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FMC, Four GOM Producers Collaborate on Deepwater Systems

A joint industry program is bringing together FMC Technologies Inc. and some of the biggest Gulf of Mexico (GOM) producers to develop standardized subsea production equipment for deepwater reservoirs.

Anadarko Petroleum Corp., ConocoPhillips and units of oil majors BP plc and Royal Dutch Shell plc would work with FMC to "meet the challenges" of producing oil and gas in reservoirs with pressures of up to 20,000 pounds/square inch and temperatures of 350 degrees F at the mudline.

"This agreement is a clear illustration of how leading companies with a common interest can come together to overcome the technological and economic challenges facing our deepwater industry," said FMC CEO John Gremp.

"By working together collaboratively, we will continue to achieve technological innovations that will enable us to safely develop some of the world's most promising fields and take a large step toward providing new oil and natural gas resources to consumers and superior returns to stakeholders."

Improving equipment and systems for deepwater operations are a major challenge because operating costs are huge -- but the payoff can be huge too. Most of the biggest projects in the GOM deepwater are developed through consortiums to reduce some of the equipment costs. The producers and FMC would work on systems to meet the technical challenges of high pressures and temperatures, and improve overall deepwater development by standardizing materials, processes and interfaces.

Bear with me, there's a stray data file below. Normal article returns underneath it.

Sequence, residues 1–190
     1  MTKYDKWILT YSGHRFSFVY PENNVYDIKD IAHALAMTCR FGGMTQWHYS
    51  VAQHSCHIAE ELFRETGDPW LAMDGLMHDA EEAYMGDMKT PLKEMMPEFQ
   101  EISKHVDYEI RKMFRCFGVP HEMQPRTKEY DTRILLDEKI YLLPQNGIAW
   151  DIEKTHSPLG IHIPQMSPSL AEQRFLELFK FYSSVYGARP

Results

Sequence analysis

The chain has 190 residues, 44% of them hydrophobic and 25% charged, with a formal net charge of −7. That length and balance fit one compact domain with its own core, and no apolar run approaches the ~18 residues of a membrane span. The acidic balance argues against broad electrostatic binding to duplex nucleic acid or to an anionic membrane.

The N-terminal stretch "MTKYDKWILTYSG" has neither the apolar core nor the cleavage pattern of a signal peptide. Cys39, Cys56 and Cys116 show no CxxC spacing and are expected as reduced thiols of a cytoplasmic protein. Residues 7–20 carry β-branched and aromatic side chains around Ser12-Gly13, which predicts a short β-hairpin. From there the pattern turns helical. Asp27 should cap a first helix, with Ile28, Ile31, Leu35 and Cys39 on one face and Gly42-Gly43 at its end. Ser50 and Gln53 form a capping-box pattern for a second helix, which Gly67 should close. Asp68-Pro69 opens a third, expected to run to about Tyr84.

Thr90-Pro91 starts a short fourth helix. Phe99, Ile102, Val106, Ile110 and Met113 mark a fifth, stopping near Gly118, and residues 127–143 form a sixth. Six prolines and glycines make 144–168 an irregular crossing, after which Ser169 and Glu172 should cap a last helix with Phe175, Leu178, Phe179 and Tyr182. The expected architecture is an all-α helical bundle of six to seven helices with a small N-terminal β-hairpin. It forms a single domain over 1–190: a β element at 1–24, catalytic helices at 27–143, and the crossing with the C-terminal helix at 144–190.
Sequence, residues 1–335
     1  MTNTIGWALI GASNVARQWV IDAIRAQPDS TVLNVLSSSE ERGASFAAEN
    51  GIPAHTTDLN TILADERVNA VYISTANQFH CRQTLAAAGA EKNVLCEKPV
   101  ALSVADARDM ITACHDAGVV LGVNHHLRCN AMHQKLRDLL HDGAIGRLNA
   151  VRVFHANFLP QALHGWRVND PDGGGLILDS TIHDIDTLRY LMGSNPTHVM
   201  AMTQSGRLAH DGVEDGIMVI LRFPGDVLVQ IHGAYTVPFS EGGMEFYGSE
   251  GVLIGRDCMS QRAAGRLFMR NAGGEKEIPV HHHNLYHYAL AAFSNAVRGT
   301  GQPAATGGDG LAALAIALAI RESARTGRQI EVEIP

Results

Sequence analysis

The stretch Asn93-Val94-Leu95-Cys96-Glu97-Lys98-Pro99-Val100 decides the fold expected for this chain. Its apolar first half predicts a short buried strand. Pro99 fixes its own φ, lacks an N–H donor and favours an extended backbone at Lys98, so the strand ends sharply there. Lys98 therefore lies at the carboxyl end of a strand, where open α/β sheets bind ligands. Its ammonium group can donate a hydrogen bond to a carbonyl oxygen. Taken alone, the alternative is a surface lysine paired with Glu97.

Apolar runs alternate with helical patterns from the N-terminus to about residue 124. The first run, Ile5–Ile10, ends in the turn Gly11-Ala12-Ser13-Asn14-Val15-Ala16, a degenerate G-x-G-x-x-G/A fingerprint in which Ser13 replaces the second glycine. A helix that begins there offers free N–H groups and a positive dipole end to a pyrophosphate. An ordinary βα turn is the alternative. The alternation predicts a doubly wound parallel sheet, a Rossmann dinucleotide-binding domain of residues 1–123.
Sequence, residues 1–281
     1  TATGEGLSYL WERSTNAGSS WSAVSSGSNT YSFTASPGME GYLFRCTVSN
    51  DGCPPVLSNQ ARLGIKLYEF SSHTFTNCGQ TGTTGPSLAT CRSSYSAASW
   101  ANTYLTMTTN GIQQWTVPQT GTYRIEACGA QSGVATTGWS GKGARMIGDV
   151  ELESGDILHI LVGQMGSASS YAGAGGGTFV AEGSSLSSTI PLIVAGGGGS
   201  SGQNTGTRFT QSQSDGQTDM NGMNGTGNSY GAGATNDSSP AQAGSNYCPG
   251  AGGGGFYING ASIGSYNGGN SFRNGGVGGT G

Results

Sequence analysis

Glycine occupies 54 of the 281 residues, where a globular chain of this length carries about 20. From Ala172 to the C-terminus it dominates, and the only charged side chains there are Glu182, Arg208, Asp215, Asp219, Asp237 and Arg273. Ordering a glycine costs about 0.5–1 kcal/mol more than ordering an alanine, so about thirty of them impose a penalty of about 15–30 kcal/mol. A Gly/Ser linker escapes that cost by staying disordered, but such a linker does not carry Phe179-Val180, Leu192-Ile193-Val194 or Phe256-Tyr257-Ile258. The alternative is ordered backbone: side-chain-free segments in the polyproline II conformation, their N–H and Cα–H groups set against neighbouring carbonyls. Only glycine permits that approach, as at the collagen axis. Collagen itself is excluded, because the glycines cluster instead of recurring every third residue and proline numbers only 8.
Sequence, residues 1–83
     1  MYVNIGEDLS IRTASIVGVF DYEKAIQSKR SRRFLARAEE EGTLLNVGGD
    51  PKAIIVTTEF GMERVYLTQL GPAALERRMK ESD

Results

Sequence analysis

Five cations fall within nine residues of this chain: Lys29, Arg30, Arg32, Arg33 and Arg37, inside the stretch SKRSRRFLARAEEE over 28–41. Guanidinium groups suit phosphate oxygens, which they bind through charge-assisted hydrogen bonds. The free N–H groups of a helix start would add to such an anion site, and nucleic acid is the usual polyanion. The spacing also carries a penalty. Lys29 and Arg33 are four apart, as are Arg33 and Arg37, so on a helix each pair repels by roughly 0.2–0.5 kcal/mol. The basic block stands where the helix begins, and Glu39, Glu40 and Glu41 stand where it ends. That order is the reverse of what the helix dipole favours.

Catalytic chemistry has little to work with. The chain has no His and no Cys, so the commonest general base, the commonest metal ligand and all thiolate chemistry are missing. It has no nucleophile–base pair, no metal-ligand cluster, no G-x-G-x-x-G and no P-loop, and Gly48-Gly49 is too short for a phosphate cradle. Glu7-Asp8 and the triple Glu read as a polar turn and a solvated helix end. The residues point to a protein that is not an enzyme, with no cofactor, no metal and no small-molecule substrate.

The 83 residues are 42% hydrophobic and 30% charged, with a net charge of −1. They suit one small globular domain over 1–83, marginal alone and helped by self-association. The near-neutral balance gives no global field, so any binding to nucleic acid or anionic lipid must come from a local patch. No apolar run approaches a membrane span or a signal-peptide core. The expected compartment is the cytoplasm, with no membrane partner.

High costs have pushed many producers out of the picture. Former large offshore operators, including Apache Corp. and Devon Corp., sold their GOM interests to concentrate in the U.S. onshore.

Analysts with Raymond James & Associates said the offshore market overall is in a downturn. They concentrated on the floater rig market in a note Monday.

"After a decade of good times, the deepwater drilling rig market is facing a multiyear down-cycle," said analysts. "Historically, most offshore drilling cycles have been short-lived as there have usually been sudden demand shocks that tend to self correct relatively quickly...

"While many are calling for a 12-18 month downturn, we aren't expecting normalized dayrates until beyond 2017. That said, the cycle will eventually turn upward and operators will find that the reserve potential of the offshore markets is far too alluring." Analysts expect exploration and production activity, and capital spending increases, to follow "attrition in the rig market."

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